Those former fish needed the outer covering to protect themselves from dehydration, now that they were spending more and more time out of the water.  (Alibardi)

Integument of various shapes and qualities also helped them slither around or pull themselves along as they colonized the land.  (Alibardi)

Today, molecular biologists say that things like claws and teeth come from the integument’s epithelial stem cells.

These cells can be organized in lots of different ways.  (Chuong and Harberger)

Exactly how this works isn’t well understood yet, but it has indeed led to the diversity of today’s animals. (Chuong and Harberger)

The development of integument is one of the points where the story of cat evolution (and much else) really begins.

We need to go back 350 million years for it (Benton and others) – a much longer span of time than the 65 million years or so that have passed since the K/T extinction of nonavian dinosaurs and some other forms of Cretaceous life.

A modern avian dinosaur poses with data from the geological record. Feathers developed from integument, too. (Chuong and Harberger)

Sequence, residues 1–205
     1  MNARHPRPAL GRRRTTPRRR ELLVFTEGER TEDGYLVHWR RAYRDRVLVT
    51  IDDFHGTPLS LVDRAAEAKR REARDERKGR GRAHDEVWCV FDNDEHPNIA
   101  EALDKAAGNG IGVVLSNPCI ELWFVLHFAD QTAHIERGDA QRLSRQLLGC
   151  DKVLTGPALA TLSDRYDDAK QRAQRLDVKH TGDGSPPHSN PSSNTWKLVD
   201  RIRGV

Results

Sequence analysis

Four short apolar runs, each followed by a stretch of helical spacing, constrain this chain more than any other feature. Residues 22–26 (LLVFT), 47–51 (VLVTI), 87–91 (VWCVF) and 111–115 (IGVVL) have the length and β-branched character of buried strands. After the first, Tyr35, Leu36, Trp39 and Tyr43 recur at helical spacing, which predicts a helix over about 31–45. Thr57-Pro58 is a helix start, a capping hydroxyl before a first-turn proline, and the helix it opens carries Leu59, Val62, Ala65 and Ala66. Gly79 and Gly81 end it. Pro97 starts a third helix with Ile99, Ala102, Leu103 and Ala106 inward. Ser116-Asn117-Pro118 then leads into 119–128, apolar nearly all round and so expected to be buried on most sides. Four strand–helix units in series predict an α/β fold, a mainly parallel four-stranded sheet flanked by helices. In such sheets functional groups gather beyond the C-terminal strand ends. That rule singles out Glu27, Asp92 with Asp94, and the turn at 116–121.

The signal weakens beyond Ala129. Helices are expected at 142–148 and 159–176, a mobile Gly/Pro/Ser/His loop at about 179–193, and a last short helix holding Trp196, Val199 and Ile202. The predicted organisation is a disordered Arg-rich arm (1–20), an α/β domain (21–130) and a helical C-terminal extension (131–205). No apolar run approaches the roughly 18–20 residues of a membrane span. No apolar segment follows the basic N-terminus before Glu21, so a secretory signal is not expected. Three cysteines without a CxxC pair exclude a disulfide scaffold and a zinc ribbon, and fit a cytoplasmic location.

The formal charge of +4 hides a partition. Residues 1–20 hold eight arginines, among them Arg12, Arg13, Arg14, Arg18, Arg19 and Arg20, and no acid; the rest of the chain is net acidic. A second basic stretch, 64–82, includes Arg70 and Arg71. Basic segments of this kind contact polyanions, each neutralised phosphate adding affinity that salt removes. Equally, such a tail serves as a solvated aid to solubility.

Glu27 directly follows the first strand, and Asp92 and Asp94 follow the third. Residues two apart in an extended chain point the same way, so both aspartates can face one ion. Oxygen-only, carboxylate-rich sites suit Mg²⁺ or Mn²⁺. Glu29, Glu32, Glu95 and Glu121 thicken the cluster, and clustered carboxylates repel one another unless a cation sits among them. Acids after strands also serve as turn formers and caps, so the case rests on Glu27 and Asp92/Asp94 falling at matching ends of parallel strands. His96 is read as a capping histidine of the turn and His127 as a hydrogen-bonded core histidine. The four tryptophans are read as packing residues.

We would have needed a time machine anyway.  Cats are mammals, after all, and the Linnean order Mammalia is very old.

You might have heard that the Age of Mammals began when nonavian dinosaurs went away.

Actually, that’s just the Cenozoic – sixty-five million years of what scientists who take the really long view call “recent life.”

Mammal beginnings are nowhere near as recent as that.

Mammals and dinosaurs

Two-thirds of the real Age of Mammals was already over (Kielan-Jaworowska) when a killer bolide suddenly appeared in Cretaceous skies.
Continue reading  The Evolution of Cats:  4.  The First Cat

The Evolution of Cats: 3.  Fluffy’s African Granddaddy